You're reading: Travels in a Mathematical World

Puzzle from Maths Jam Nottingham: Kathryn’s cube of cheese

At Maths Jam Nottingham January 2012, Kathryn brought this puzzle.

Kathryn has a cube made of cheese. Her question is simple: What is the smallest number of tetrahedra (not necessarily regular) that you can cut the cube into, leaving no cheese left over?

If you think you’ve solved this, see the solution page below for a follow on question.


For occasional puzzles from Nottingham Maths Jam meetings are tagged so you can search for “mathsjam” and find them.

It is important in problem solving that you have an honest attempt before reading a solution. Once someone has shown you the solution you are forever robbed of the chance to have that experience (in future you will half-remember the solution rather than reason it out) so it is important that you attempt this puzzle before reading the solution. If you are ready, check out: Kathryn’s cube of cheese solution.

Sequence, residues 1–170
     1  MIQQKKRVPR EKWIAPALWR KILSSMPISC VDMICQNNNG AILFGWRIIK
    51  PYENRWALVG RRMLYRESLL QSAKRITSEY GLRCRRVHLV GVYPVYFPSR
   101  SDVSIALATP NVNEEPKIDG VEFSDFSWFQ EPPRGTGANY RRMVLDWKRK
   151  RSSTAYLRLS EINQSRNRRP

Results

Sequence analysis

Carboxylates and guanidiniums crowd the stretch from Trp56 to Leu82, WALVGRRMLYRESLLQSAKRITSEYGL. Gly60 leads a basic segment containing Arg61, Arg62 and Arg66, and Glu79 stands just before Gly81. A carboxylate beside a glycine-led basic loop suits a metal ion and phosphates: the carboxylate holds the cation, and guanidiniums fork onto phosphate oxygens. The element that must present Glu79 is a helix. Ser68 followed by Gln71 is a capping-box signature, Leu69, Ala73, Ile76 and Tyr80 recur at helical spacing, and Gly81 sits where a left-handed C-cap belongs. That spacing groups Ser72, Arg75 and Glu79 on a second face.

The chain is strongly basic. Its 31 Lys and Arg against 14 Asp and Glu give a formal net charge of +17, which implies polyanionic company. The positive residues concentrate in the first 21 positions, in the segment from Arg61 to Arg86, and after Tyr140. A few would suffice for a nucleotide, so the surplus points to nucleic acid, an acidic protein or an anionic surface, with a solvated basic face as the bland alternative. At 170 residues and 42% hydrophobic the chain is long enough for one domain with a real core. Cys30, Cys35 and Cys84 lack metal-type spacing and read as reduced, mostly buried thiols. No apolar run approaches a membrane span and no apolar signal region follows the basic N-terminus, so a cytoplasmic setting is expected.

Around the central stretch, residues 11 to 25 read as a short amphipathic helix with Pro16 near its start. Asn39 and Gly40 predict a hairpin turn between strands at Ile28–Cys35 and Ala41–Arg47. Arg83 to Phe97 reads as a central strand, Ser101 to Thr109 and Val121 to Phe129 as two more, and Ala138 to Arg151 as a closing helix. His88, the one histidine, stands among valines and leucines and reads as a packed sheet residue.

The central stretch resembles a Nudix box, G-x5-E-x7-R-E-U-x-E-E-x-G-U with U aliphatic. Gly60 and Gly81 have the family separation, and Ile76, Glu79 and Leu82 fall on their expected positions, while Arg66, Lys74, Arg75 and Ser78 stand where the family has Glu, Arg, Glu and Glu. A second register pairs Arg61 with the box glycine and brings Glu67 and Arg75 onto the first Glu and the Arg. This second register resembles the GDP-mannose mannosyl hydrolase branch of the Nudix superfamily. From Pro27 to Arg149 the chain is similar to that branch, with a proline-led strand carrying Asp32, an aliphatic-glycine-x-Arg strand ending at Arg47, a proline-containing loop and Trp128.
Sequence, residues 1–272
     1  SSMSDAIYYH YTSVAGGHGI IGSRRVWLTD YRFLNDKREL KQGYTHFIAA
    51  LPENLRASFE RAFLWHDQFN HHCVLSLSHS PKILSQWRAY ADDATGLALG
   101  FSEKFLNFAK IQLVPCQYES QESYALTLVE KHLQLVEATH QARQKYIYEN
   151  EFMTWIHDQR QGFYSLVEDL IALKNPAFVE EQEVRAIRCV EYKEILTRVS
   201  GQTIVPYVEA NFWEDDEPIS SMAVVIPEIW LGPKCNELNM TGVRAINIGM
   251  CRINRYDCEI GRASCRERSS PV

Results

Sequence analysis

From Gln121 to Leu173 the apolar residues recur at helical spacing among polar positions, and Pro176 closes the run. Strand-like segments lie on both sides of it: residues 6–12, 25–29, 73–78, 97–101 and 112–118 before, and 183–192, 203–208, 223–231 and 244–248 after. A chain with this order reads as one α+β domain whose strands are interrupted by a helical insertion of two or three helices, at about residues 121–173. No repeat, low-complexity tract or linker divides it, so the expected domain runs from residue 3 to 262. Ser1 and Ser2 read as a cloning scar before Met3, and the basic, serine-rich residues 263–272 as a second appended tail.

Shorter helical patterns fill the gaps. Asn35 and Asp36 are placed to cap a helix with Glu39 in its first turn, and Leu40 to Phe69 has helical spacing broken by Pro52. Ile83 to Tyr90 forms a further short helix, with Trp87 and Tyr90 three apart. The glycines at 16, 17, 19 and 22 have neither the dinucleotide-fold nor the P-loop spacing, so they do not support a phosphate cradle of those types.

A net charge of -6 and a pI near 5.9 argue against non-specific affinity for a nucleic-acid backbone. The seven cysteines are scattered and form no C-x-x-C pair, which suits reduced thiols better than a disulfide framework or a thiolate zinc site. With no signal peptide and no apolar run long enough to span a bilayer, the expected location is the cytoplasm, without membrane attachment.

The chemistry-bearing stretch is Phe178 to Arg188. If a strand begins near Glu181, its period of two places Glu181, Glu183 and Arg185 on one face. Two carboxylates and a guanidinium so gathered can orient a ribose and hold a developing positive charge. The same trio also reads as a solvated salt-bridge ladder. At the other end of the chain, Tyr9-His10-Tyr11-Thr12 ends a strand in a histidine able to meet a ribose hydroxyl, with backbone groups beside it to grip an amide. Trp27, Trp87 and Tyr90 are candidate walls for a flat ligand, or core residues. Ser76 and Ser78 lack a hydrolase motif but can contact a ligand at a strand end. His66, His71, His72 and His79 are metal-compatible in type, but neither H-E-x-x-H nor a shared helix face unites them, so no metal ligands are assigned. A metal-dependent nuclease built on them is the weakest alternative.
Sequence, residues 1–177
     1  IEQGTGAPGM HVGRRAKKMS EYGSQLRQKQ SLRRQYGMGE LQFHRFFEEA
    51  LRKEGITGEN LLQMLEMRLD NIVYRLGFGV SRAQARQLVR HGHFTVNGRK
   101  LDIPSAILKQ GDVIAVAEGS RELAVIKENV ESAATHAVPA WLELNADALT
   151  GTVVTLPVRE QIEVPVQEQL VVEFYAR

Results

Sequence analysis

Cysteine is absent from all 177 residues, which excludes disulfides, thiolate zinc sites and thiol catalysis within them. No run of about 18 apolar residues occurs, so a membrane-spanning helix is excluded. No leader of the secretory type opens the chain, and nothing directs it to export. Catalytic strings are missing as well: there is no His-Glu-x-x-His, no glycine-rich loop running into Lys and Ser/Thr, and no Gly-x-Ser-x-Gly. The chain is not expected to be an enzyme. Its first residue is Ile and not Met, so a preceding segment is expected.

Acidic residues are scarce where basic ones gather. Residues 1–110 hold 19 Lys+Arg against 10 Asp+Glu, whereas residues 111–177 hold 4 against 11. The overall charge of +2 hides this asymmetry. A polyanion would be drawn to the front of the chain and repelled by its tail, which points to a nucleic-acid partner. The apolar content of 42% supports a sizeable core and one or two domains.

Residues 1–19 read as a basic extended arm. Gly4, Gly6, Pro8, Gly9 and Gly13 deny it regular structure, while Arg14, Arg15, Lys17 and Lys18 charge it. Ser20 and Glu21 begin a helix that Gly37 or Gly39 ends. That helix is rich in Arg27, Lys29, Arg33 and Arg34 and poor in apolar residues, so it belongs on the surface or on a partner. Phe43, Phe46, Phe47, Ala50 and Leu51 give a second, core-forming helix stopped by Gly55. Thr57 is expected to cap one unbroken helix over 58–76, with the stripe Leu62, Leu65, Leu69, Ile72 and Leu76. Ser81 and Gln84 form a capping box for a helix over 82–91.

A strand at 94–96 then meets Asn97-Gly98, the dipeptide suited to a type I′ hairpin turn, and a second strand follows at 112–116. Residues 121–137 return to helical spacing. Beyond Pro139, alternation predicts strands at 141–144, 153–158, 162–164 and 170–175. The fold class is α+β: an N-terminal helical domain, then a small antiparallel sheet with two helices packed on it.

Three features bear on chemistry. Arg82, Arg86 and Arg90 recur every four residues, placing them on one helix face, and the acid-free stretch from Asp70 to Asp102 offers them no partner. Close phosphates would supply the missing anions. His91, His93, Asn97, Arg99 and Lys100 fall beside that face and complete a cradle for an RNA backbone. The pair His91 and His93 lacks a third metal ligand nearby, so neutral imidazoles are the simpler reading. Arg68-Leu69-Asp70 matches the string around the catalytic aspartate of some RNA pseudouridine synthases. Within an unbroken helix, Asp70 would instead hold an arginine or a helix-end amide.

N.B. I assume the puzzles written about are old puzzles. They are brought to Maths Jam meetings, or half remembered at the time, by attendees. If I have done something wrong by posting a puzzle here please tell me and I will be happy to correct the mistake.

Tags: ,

About the author

  • Peter Rowlett teaches mathematics at university and is interested in maths education and communicating maths. His column at The Aperiodical is Travels in a Mathematical World.

2 Responses to “Puzzle from Maths Jam Nottingham: Kathryn’s cube of cheese”

Leave a Reply

  • (will not be published)

$\LaTeX$: You can use LaTeX in your comments. e.g.

$ e^{\pi i} $
for inline maths;
\[ e^{\pi i} \]
for display-mode (on its own line) maths.

XHTML: You can use these tags: <a href="" title=""> <abbr title=""> <acronym title=""> <b> <blockquote cite=""> <cite> <code> <del datetime=""> <em> <i> <q cite=""> <strike> <strong>